When programming such a class, you need to clearly define the behavior in the scenario where an instance is being copied directly into another via assignment or copied indirectly by being passed to a function by value. You typically implement the copy constructor, copy assignment operator, and the destructor. You also implement the move constructor and move assignment operator if you want to tweak the performance of this class in certain cases. To enable an array-like access to elements stored inside an instance of the class, you would want to overload the subscript operator.
A smart pointer needs to supply the ability of being used as a normal pointer as in *pSmartPtr or pSmartPtr->Func(). To enable this you implement operator (*) and operator (->). In addition, for it to be smart, you also take care of automatic resource release/returns by programming the destructor accordingly, and you would clearly define how copy or assignment works by implementing the copy constructor and copy assignment operator or by prohibiting it by declaring these two as private.
const Type& operator(int index);
Type& operator(int index); // is this OK?
No, C++ does not allow two functions with the same name to have different return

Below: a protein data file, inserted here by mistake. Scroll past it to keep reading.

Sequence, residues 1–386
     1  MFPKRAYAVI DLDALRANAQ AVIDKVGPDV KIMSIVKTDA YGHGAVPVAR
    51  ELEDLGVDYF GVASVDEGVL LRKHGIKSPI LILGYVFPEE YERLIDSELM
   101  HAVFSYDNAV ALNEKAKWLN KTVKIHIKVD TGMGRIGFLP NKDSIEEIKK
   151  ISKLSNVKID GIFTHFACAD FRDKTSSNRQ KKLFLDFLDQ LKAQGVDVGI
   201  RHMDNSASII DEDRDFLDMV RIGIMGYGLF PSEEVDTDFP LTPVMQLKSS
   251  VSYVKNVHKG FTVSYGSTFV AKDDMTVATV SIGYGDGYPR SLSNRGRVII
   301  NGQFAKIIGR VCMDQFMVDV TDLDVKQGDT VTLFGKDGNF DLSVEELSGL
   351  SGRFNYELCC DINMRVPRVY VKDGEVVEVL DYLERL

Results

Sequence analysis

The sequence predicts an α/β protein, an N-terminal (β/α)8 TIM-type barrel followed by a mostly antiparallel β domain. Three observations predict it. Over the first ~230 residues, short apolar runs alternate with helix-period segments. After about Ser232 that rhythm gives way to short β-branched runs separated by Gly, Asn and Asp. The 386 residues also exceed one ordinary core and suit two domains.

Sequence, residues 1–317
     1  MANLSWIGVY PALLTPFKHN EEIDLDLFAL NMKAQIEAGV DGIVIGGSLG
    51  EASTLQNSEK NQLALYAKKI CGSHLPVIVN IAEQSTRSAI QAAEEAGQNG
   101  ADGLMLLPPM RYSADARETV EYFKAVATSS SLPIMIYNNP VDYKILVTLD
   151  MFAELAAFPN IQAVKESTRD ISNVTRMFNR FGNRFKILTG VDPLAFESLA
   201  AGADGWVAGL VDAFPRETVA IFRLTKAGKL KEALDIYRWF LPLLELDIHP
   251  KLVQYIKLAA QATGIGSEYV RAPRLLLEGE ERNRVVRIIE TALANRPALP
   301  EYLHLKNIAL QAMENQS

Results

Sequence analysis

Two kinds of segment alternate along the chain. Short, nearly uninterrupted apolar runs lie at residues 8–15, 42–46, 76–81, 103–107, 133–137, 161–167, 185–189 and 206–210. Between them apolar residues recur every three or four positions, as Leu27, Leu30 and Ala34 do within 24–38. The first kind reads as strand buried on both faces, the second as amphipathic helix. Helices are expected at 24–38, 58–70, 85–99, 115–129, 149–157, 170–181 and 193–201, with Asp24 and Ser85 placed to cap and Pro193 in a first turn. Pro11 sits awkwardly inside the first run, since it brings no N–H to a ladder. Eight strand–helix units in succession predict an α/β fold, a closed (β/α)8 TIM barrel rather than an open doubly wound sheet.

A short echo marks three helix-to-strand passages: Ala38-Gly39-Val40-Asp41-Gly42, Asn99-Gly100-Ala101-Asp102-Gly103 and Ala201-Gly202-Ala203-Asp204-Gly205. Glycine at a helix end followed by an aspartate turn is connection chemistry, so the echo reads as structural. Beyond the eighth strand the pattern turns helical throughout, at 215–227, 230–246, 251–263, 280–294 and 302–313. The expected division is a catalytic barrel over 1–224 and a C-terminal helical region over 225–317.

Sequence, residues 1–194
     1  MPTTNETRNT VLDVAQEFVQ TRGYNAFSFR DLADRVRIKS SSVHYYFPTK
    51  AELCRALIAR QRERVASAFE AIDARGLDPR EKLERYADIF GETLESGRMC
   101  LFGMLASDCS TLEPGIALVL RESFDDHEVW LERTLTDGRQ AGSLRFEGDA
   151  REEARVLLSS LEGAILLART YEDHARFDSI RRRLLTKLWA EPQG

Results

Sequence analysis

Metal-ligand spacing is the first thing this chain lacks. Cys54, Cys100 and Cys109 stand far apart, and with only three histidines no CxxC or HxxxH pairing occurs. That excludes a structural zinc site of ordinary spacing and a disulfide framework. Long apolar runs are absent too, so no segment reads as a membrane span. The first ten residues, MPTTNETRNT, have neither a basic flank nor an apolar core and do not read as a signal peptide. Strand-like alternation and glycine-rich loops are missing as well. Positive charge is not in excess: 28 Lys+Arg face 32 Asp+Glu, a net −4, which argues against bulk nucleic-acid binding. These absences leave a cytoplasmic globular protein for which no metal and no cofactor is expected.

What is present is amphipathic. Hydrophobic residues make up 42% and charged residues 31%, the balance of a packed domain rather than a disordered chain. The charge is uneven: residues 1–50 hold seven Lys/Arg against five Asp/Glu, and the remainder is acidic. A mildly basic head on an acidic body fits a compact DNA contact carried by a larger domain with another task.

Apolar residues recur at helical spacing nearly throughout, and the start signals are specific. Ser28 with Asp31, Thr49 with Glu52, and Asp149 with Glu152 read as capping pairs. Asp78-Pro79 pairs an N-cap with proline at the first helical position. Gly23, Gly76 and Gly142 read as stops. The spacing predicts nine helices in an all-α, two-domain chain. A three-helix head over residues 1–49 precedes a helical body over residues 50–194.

values. You can program two implementations of operator  with identical return
types, one defined as a const function and the other not. In this case, C++ compiler
picks the non-const version for assignment-related activities and the const
Type& operator(int Index) const;
Type& operator(int Index);
Yes, but only if I don't want my class to allow copying or assignment. Such a restriction would be necessity when programming a singleton-a class that permits the existence of only one instance.
As there are no dynamically allocated resources contained within class Date that cause unnecessary memory allocation and deallocation cycles within the copy constructor or copy assignment operator, this class is not a good candidate for a move constructor or move assignment operator.
Most definitely not. The result of such an operation is not defined and is definitely not desired.
Again, definitely not. reinterpret_cast changed only the interpretation of the pointer, and did not change the object being pointed to (that is still a Dog). Calling a Fly() function on a Dog object will not give the results you are looking for, and could possibly cause an application failure.
Because you are sure that the object being pointed to is a Derived type, you can save on runtime performance by using static_cast.
You keep aspirin at home, but you don't make it your staple diet just because it's available, right? Use casts only when you need them.
Inclusion guards using #ifndef, #define, and #endif protect your header from multiple or recursive inclusion errors, and in some cases they even speed up compilation.